From now until May 20, Iowans have the rare opportunity to see an exhibition of the seminal American painter Edward Hopper in their own backyard—Cedar Rapids. After over two years of planning and cooperation, the Cedar Rapids Museum of Art and the Whitney Museum of Art in New York City have agreed to share their rich collections in a trade deal that will temporarily take 27 works by Grant Wood to the Whitney and 13 works by Edward Hopper to the CRMA. The long-term nature of this partnership and the extensive planning that went into it have resulted in a thoughtful, multi-exhibition experience for visitors.
CRMA’s rich collection of American work and its claim to the largest collection of Grant Wood in the world serves as an illuminating backdrop for an Edward Hopper exhibition. The front gallery, which showcases several of Wood’s infrequently exhibited works, provides a seamless entry point for this exploration of American 20th-century painting. The first exhibition, Grant Wood: From Farm Boy to American Icon, offers a visual biography of Iowa’s favorite painter, with charming and rare examples of his early still lifes and an assembly of some of his impressionistic studies done in Europe.
Farther on in the galleries, the CRMA again taps into its rich holdings of American art with an accompanying exhibition entitled Hopper’s World. The works in this space detail the cities and landscapes in which Hopper lived and studied, contextualizing the environments that so inspired Hopper and molded him into one of the most recognized artists of his time. In circling the gallery, you will be swept across America to Cape Cod, Hopper’s beloved New York City, rural New England, and then to places as far off as Paris and Gloucester.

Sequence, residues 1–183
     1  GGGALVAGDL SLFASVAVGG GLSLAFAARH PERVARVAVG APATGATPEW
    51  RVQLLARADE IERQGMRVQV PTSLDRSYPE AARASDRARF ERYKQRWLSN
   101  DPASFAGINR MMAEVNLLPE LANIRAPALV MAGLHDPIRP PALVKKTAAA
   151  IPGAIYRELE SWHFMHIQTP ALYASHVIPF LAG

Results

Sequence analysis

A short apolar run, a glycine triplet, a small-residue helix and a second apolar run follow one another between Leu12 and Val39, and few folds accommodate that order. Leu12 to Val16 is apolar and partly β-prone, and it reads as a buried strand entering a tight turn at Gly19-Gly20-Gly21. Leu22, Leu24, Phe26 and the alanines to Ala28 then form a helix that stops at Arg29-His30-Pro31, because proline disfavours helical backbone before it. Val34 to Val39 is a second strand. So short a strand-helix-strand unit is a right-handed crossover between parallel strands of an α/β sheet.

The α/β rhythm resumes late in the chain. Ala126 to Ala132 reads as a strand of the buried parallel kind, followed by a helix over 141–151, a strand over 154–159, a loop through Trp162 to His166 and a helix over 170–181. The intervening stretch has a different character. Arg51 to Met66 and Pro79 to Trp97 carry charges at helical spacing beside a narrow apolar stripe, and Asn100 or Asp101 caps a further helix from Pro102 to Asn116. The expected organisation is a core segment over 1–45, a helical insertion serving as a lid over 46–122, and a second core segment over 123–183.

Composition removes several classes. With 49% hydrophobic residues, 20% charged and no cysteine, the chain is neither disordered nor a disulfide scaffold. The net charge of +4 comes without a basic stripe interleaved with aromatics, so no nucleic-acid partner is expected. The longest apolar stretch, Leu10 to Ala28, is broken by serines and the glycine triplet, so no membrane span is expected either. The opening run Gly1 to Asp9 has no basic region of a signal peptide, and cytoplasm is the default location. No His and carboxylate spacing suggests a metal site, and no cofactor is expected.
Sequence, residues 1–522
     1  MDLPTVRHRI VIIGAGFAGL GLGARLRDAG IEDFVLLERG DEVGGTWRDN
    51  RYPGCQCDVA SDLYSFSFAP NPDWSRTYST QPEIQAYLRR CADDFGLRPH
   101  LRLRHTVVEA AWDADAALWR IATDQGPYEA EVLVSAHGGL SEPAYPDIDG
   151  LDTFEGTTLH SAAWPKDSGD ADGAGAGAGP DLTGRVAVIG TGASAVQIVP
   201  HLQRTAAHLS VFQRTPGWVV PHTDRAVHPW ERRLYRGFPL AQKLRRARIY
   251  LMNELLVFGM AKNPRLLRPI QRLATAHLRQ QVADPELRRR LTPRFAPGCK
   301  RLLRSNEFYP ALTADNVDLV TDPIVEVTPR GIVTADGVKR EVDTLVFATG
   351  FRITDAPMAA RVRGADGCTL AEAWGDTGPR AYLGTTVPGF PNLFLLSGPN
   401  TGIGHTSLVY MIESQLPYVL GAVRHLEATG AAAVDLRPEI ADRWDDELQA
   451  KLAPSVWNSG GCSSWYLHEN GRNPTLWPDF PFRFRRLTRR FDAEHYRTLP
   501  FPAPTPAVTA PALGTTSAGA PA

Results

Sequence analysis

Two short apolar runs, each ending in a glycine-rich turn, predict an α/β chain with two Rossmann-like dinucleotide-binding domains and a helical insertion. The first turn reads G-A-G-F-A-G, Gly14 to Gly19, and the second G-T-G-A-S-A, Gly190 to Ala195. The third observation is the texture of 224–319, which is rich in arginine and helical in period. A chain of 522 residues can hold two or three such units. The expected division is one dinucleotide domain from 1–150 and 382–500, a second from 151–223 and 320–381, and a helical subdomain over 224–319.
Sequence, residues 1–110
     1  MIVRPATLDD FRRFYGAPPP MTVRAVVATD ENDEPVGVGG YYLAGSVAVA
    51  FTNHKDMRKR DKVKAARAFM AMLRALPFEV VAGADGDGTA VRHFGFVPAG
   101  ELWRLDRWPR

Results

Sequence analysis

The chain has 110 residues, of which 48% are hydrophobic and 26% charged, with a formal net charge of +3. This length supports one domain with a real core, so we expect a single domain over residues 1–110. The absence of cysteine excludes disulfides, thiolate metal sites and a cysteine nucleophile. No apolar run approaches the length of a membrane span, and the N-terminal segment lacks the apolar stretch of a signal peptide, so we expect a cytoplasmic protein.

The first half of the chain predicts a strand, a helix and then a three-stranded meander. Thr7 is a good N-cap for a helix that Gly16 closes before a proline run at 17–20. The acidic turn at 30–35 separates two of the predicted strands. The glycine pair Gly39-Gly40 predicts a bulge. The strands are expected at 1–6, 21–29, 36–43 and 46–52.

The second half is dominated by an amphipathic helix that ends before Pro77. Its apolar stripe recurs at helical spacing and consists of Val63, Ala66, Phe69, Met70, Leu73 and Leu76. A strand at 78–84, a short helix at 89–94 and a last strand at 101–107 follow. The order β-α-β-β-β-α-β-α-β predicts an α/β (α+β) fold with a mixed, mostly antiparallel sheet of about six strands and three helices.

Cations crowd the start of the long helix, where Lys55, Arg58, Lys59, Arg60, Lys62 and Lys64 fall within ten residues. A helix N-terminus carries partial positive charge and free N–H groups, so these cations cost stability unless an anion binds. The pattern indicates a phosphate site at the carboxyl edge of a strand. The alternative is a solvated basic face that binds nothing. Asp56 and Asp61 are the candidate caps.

Upon entering the final gallery space, Edward Hopper: Selections from the Whitney Museum awaits you. After your journey through this carefully curated framework, Hopper’s work simultaneously feels more at home in the CRMA and yet more remarkable. The international contexts offered by Hopper’s World and the juxtaposition with Wood’s portrayal of America during the Great Depression provide a unique look at American 20th-century art.
Paris serves as an interesting connecting thread from room to room. Wood and Hopper both studied in the city on multiple occasions. Both artists seemed to have been fascinated by Parisian streets, but the tone from Wood’s brighter take on Paris contrasts deeply with Hopper’s dramatic and cinematic rendering of a muted, more mundane city.
Don’t expect to see the star-studded, over-commercialized paintings we know and love from these artists. You will not see Hopper’s Nighthawks next to Wood’s ever-familiar landscapes. Instead, you will have a much more intimate look at these artists’ personal lives and development and the opportunity to view their work in close comparison.
In another exhibition or institution, these works might be overshadowed by such blockbuster pieces, but here they are given their proper due individually. With four etchings and nine paintings, this exhibition demonstrates the depth and diversity of Hopper’s talents. His figure studies leave you with intense empathy for the subjects’ deep isolation, while the larger landscape painting in the center of the room, Cobb’s Barns and Distant Houses, evokes a timeless and familiar likeness of American agriculture. The room effortlessly reflects the time period in which Hopper was painting—the 1930s will forever be seared in the American collective conscience as a time of isolation and economic struggle. Hopper preserved the idyllic, rolling-hills farm scene, which so suffered under the plight of the Great Depression.
Here, in the context of a state that embodies these landscapes, one is reminded of the America that so inspired these young men to redefine the nature of American painting. And how fitting that they come together here in Cedar Rapids, where economic struggle and perseverance are highlighted in the 10-year-anniversary of the floods that devastated the city and much of Iowa. You will see an extraordinary portrait of America that could not be replicated with the same poetry in any other setting.
Join Associate Curator Kate Kunau for a discussion of Edward Hopper and the 13 works currently on loan to the CRMA on Thursday, March 8, at 7 p.m.
On Thursday, April 12, at 7 p.m., Executive Director Sean Ullmer discusses the Hopper works on display in the context of works by Grant Wood and Marvin Cone. Both presentations are free.